Bad Idea of the Month: DNC Lawsuit Edition

So it has been awhile since we had one of these (thankfully), but the worst idea of April 2018 is a great representative of the silliness seemingly assaulting our politics these days.This past Friday, April 20, lawyers representing the Democratic National Committee (DNC) filed a long-winded lawsuit against a large number of parties, including the President’s 2016 campaign, a Russian military intelligence unit, and Trump campaign members like Paul Manafort, for allegedly acting in a conspiracy to hack the DNC’s email servers and release the information in a manner intended to benefit then-candidate Trump. The lawsuit has gotten a lot of traction on cable news and in Democratic circles online, but it is really a non-starter in multiple ways, as well as being a poor political move on the part of the DNC.

The actual crime that can and should be prosecuted here, as well as the only reasonable part of the lawsuit in my eyes, is the hacking of the DNC servers that occurred in 2015 and 2016. That hacking will likely fall under the Computer Fraud and Abuse Act (CFAA) and/or the Stored Communications Act (SCA), and the perpetrators, directly involved with the GRU (the Russian military intelligence unit) and living in Russia, will likely be criminally charged with those actions by the special counsel.

In terms of issues with the DNC suit, there are many. First off, there is no established nexus between those named as defendants in the lawsuit and the actual crime I mentioned above, which is required to have any sort of legitimacy when it comes to charging someone with a conspiracy-type allegation. Let me briefly explain what a nexus is in this circumstance: it is simply a solid, verifiable connection between those involved in the supposed conspiratorial actions. The defendants in this lawsuit do not have that actual connection to the perpetrators of the crime that was committed, namely the hacking of the DNC servers back in 2015 and 2016. The DNC cites multiple US government reports, as well as private organization investigations, to create this nexus between the Trump campaign and the hackers in Russia, but the evidence provided is slim and unconvincing (unless you’ve already made up your mind on the issue, which I will come back to later). It is more than reasonable to think that the Russian government was in some way involved with the DNC hack (which I do); what is less obvious is the direct connection between that hacking and the Trump campaign or even Wikileaks, another defendant in this suit. There is a very high bar for establishing this sort of potentially criminal connection (and rightly so), and I do not feel that the evidence provided meets the bar.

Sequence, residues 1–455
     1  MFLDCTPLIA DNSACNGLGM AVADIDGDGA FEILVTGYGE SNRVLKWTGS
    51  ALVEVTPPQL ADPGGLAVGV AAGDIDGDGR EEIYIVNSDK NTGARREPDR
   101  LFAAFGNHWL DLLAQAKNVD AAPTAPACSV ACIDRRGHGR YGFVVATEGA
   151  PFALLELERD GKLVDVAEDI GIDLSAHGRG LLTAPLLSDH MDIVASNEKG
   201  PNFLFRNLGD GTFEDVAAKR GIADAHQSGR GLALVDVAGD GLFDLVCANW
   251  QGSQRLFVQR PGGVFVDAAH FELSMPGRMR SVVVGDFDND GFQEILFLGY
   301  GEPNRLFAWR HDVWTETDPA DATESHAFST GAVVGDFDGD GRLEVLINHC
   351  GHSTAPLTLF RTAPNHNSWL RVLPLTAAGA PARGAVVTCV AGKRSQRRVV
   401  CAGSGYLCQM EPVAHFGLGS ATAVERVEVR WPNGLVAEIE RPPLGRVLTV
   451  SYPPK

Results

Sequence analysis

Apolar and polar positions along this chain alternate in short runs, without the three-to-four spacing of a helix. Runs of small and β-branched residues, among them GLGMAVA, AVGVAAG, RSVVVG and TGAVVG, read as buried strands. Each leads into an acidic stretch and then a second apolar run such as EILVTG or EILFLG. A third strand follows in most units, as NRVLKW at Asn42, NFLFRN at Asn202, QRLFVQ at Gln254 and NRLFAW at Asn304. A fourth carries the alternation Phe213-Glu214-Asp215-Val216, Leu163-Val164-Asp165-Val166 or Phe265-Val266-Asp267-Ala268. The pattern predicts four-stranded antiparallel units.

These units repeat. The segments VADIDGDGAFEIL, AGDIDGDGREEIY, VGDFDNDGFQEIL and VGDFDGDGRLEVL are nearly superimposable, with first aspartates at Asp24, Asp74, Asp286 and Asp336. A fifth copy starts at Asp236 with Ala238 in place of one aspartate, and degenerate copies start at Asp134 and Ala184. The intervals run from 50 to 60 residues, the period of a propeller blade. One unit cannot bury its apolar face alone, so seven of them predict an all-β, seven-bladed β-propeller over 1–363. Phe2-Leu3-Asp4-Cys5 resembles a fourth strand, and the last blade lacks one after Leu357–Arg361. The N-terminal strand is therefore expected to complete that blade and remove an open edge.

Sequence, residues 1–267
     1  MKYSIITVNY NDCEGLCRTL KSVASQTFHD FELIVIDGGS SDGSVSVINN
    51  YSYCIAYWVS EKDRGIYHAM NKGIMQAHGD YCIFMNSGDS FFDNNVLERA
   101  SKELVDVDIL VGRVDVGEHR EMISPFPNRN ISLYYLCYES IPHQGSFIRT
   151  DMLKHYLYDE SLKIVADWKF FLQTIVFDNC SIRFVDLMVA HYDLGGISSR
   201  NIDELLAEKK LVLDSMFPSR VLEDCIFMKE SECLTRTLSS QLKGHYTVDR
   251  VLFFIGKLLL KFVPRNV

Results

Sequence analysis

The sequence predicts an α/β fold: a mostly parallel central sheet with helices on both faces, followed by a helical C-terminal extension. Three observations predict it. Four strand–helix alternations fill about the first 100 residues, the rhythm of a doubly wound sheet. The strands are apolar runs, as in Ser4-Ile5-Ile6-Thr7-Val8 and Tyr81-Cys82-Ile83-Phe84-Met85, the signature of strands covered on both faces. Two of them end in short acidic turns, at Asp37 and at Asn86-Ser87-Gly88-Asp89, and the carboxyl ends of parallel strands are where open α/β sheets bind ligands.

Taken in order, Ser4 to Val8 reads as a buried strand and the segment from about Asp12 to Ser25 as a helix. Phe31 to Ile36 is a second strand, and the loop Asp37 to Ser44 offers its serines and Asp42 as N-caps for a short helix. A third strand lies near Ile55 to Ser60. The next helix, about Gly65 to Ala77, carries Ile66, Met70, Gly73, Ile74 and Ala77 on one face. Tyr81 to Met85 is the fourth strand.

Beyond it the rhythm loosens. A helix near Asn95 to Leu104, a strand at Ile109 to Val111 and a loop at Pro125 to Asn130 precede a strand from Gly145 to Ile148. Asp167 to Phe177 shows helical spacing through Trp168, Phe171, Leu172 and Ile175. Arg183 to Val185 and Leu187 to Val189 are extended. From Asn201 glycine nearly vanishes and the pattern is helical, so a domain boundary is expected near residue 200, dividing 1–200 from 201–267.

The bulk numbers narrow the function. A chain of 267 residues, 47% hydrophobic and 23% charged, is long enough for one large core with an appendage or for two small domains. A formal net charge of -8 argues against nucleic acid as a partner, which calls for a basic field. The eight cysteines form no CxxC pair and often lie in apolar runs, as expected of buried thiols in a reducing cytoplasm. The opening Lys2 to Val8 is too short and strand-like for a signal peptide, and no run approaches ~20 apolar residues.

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Weighing the claims of the DNC against legal precedent will be an interesting challenge.     Image credit:

Even if there was plenty of evidence to establish this connection, the Russian defendants which are parts of the Russian state apparatus (the GRU, etc.) may not even be liable for their conduct. Sovereign immunity is a hell of a drug, so to speak, and would possibly cover the malign Russian actions taken with respect to the hacking of the DNC servers. An excellent blog post from lawyer Max Kennerly does a great job of breaking down the sovereign immunity issue, which is based on the Foreign Sovereign Immunities Act of 1976 (FSIA). This act allows charges for acts that are tortious in nature (hacking certainly is) and do not fall within the “policy of the regulatory regime” of the country being charged. It is, however, more than arguable that Russia’s express policy was to hack the DNC servers and cause chaos in the 2016 US elections, therefore any actions coincident with that policy would be excepted from the FSIA. This seems like a huge loophole, but it is necessary to protect foreign governments from being sued for their policies which the plaintiff simply disagrees with. In this case, the Russian government likely gets away with criminality, but that’s the way the cookie crumbles.